The scene that most broke my heart was not the final death scene. We all know that’s coming from a mile away. What just killed me was the scene in which Juliet’s parents tell her she must marry Paris, and she, already married to Romeo, refuses. Juliet, pleading, begs her mother to hear her. Lady Capulet replies: “Talk not to me, for I’ll not speak a word./Do as thou wilt, for I have done with thee.” She exits. I cried. I can’t impose on the text what it doesn’t say, but it makes me wonder what kind of relationship Juliet had with her parents previous to the opening of the play. If neither her mother, nor certainly her father, will hear her passionate pleas to delay the marriage, we must suppose that they have no real relationship with her. And while we don’t get to see Romeo’s interactions with his parents, we must assume that since he goes to the Friar for advice and comfort (and has before, it is implied) his relationship with his parents is likewise not one of counsel or influence.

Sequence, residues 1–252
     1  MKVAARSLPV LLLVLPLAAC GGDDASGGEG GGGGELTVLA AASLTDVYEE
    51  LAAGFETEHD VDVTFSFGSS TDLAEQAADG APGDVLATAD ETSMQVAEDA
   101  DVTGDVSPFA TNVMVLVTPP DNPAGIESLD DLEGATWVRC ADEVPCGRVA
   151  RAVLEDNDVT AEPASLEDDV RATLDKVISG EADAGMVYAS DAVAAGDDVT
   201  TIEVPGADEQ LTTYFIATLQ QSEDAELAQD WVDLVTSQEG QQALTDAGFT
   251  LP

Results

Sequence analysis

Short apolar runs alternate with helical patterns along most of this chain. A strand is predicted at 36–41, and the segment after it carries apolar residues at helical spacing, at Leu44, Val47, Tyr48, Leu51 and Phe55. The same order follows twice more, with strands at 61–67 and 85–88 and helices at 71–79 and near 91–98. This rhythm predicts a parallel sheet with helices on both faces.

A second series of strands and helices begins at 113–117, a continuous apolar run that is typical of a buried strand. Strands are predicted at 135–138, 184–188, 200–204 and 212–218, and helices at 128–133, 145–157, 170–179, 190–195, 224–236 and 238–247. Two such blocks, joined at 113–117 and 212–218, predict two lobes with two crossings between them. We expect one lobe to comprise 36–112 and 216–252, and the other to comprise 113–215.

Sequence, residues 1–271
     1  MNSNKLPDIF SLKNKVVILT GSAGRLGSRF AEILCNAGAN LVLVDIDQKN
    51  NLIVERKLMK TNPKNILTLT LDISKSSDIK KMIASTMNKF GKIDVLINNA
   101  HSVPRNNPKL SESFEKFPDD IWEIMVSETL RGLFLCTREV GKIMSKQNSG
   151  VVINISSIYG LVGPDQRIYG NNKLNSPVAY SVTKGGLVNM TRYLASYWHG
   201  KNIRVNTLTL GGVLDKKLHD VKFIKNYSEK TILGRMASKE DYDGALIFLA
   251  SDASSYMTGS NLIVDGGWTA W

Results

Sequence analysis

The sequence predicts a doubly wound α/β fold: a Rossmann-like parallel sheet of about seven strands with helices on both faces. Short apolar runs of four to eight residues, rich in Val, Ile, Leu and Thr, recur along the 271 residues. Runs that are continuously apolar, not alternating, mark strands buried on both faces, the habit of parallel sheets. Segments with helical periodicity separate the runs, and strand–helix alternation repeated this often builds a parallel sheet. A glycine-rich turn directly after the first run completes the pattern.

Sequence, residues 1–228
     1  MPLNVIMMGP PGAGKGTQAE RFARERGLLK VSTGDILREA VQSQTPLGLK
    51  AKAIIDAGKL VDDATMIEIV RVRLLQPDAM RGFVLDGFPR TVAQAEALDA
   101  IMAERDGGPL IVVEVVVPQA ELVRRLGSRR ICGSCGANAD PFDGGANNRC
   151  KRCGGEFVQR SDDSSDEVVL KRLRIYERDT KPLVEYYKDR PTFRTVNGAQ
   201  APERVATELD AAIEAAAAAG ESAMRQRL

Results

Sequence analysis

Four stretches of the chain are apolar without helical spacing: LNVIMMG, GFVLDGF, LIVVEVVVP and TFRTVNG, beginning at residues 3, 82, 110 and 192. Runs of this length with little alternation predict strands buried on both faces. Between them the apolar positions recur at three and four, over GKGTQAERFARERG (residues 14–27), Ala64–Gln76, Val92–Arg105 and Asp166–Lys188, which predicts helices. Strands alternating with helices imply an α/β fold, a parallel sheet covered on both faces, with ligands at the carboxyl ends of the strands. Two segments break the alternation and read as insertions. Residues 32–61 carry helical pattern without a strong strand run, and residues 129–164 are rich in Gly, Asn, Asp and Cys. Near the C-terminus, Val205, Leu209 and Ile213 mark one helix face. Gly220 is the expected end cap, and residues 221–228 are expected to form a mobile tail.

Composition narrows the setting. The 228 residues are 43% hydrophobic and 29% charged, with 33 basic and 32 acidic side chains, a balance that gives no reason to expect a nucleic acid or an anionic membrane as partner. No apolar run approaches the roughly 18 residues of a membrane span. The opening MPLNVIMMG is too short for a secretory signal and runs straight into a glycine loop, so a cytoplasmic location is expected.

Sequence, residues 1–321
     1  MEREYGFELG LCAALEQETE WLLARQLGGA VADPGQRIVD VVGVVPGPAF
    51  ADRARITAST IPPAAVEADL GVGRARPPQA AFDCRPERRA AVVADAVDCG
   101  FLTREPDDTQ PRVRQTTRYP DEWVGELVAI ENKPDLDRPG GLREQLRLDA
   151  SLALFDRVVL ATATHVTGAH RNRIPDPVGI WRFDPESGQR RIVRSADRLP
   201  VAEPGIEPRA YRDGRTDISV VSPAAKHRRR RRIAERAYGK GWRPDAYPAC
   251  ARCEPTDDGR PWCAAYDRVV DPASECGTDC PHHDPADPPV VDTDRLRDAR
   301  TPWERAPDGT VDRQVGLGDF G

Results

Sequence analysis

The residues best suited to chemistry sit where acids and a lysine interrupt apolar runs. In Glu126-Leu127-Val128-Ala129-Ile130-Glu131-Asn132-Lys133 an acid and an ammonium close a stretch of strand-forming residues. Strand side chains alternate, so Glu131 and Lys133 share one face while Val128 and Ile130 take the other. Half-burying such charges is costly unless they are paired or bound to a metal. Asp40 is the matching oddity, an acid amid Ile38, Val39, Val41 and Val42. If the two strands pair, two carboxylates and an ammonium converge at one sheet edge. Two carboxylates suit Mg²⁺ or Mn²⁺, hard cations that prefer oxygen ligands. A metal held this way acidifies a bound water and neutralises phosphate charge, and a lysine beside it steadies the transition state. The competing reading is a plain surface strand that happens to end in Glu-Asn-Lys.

Some people focus on the political morals in the play--the chastisement against feuding factions, the reminder to “make love, not war.” But I don’t think it’s quite as simple as that. Because Shakespeare was the great playwright that he was, we sell him short by pitting Romeo and Juliet against the other characters in the play. It’s not as simple as saying, “Romeo and Juliet were good, and they were slain by the hatred of their families.” Romeo and Juliet were very flawed, and very young and stupid, and they were slain by the lack of wisdom available to them. It is a political play, it is a romance (with some of the most beautiful poetry found in any play)--but most of all it is a cautionary story about what happens when parents fail their children. Fail them by nurturing hate, or by neglecting to cultivate a relationship in which they are imparting honesty and wisdom. The result, Shakespeare tells us, is a generation of beautiful souls wasted.
Open and Unafraid
David O. Taylor